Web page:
It’s got a pretty pumping soundtrack your older kids will love, a little “tee hee mommy I saw his bare behind!” but nothing sexual, and some groovy action sequences and marketable characters who actually seem to have been created as characters and not pre-packaged goods. Novel enough! Titan AE also has some cool, Myst-era creativity in it, like beautiful hydrogen trees and amazing crystalline ice rings, colliding in a chaos we only get to read about in Carl Sagan books. It’s got a little of the respect your father and what he stood for type message, a little anyone can be a hero attitude, and then some more cool looking energy field stuff.

A pleasant diversion, but nothing to freak out about.

MPAA Rating PG
Release date 6/16/00
Time in minutes 90
Director Don Bluth, Gary Goldman
Studio 20th Century Fox

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Boys and Girls (2000)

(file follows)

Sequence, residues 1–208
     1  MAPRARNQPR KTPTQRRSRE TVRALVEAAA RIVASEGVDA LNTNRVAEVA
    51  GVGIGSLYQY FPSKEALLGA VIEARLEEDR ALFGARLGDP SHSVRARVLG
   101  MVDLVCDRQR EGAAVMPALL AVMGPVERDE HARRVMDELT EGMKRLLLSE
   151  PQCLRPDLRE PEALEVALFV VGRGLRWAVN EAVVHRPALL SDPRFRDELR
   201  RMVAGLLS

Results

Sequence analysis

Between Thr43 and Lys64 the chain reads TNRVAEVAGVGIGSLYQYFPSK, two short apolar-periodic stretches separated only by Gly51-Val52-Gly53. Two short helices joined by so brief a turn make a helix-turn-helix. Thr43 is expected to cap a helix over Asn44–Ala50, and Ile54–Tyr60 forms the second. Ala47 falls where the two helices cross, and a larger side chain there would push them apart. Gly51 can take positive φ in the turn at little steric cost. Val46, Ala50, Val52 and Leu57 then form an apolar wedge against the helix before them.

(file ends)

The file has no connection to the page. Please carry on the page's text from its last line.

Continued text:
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Did you see Down to You? Then you saw a slightly less pleasant version of this film. Written by, and I quote the credits, The Drews, Boys and Girls desperately wanted to be a Pretty in Pink for the Gen Y crowd, and on some levels it is very nice to watch. Freddie Prinze Jr. is engagingly cast against type as a real type-A nerdball, with high moral standards and, somehow, a decent amount of personality. It is extremely helpful that he looks like Freddie Prinze, Jr., because otherwise he would have been the new Anthony Michael Hall. Claire Forlani is not the spitfire that Julia Stiles is, but she does get a slightly better script, so they tie on that count. Down to You and Boys and Girls suffer from the new Generican standard: vignette vignette vignette, all color and character with zero-to-none plot advancement or realistic reason for the vignettes to be occurring. Some very spunky side characters help, including the winsomely pathetic (or is he pathetically winsome?) Jason Biggs and the slightly off-center Amanda Detmer. Blair Witch fans will be relieved to see the ghost of Heather Donahue in her first Real Movie.